Monday, January 2, 2012

Amish Women Entrepreneurs; Inside Granny’s Quilt Shop

The new year brings in new thoughts, and many think of starting a small business. Over the next few weeks, I’ll be sharing about Amish women who run businesses by doing things they love and how they succeed by treating their customers with respect.
I’ll start with Granny’s Quilt Shop, started by “Granny Weaver”. In my book, Knit Together: An Amish Close Knit Novel, you’ll see how Granny has a quilt shop. Well, I didn’t use my imagination at all; I used Granny’s real shop. Her son Roman built a shop next to her little dawdyhaus. It’s only the size of an enclosed porch, but filled with quality quilts, crocheted rugs, baskets, dolls, aprons and more that the whole extended family make, from children to the elderly.
What really impresses me about Granny’s store is that her prices are extremely low. I’ve noticed this in other Amish businesses. They come to a price they’re satisfied with and simply charge that amount. When I tell them they could get double, they don’t seem impressed. What I see are artisans who love doing their craft so much they feel that’s worth more than money. The Amish also don’t believe in overpricing their items either. If they get a good price for craft supplies, they pass on the savings.
The Amish I know aren't opposed to letting the English sell their items on consignment. Our online family business is looking into selling many of their items. They also aren't opposed to making things that they'd never use themselves.  I'm taking up measurements this week for PCs and Kindles so they can start making quilted covers for both. Super entrepreneural women.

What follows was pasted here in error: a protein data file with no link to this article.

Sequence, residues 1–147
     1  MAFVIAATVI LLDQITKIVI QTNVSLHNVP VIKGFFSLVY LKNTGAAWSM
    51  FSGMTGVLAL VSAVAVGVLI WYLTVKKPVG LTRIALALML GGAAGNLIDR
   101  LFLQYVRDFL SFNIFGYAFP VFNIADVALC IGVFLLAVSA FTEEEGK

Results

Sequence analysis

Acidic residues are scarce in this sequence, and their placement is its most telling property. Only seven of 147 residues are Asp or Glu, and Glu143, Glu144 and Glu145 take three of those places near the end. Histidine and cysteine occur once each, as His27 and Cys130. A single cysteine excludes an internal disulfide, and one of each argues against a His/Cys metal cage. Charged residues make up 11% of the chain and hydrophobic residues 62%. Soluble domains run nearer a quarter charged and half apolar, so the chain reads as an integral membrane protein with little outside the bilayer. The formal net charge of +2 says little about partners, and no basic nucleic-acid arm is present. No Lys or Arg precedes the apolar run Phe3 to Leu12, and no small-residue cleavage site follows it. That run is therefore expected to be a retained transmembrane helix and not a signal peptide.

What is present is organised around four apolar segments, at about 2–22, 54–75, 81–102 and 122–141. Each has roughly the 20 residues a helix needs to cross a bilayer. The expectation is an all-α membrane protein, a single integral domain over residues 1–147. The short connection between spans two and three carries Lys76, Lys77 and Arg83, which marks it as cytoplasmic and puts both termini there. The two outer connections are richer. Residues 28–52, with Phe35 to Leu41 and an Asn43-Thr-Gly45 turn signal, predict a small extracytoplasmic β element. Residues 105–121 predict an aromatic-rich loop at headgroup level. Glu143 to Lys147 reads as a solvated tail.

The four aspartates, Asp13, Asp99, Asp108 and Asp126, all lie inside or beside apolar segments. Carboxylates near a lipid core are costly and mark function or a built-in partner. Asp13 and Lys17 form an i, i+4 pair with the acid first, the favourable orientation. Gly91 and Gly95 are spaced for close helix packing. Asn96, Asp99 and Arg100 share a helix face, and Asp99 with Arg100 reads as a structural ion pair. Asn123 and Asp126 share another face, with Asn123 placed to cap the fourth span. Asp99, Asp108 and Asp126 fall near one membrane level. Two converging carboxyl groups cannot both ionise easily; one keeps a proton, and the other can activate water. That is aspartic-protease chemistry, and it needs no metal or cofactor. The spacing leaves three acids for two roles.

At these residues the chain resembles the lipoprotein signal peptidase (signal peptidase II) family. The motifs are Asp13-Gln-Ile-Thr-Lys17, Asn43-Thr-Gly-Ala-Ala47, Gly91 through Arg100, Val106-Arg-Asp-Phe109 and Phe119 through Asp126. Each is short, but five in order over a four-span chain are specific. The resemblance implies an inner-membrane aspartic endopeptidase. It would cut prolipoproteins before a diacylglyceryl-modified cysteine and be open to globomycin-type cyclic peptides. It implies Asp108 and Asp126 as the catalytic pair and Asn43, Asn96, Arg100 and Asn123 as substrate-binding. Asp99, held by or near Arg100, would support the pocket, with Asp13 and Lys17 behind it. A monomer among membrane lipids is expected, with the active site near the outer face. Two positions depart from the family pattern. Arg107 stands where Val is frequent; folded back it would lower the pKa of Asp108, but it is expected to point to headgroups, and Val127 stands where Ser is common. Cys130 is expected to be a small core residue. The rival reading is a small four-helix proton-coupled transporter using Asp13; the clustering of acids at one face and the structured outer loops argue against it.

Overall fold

Below are some pictures from Granny’s store with its many items. Maybe it will give you some ideas on starting your own small business.
Quilted wall hangings, placemats  and pot holders.

Over thirty quilts are on one bed in the store to save space. Amish women flip them over like
turning the pages in a  book.

Cross-stitch up close. Very even stitches.

Very unique pattern.

Amish women see what's marketable and make it. They know all about Vera Bradley.
I carry one of their purses, calling it my "Vera Miller". Extra-large purses are $20.00.

One of the ladies has a loom and weaves rag rugs.

This is one square on a quilt embellished with cross-stitch and straight stitch. 

The kids make cards to sell for extra money.

A crocheted rag rug.

Two of my many Amish baskets from Granny's store.

An Amish doll dressed in a "fancy" print dress. For some reason, they're more marketable, so the Amish make what customers want. I prefer traditional clothes, but couldn't pass this one up! She sits on my bed.

An apron my daughter bought from Granny for Mother's Day years ago.
 I hang it up in my kitchen, which is now teal to match the apron ;)


  1. Beautiful workmanship! The colors and patterns are gorgeous!

  2. I especially like the PC and Kindle quilted covers, how cool!

  3. Greg and Donna, thank you for leaving such nice comments. Roger, me too. I want an quilted Amish kindle cover with my name embroidared on it ;)

  4. Exquisite! I come from a family of quilters (not me, though) and appreciate someone being willing to part with their creations.

    I like the idea of the Kindle covers and I'd love to have a quilted bag large enough to carry my laptop in :)

    Do they have an online store?

  5. Hi Anne,
    I want a "Vera Miller" quilted laptop bag too. We're talking about putting their smaller items in our family store, Thrifty Christian Shopper. We've tried selling their quilts but S&H was too much...same with Amish Rockers. So I hope to have smaller items like laptop bags and kindle covers soon. Thanks for leaving a comment!

  6. I would also LOVE to know if their items are available online. That doll, purse and apron are totally things I would love to buy. Thanks.

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